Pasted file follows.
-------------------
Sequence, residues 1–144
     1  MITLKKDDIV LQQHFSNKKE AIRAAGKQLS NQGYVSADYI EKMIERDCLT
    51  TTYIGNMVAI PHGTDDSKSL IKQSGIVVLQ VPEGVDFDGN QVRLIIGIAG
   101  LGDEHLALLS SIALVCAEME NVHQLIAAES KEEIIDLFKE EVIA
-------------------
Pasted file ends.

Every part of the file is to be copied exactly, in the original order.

Sequence, residues 1–144
     1  MITLKKDDIV LQQHFSNKKE AIRAAGKQLS NQGYVSADYI EKMIERDCLT
    51  TTYIGNMVAI PHGTDDSKSL IKQSGIVVLQ VPEGVDFDGN QVRLIIGIAG
   101  LGDEHLALLS SIALVCAEME NVHQLIAAES KEEIIDLFKE EVIA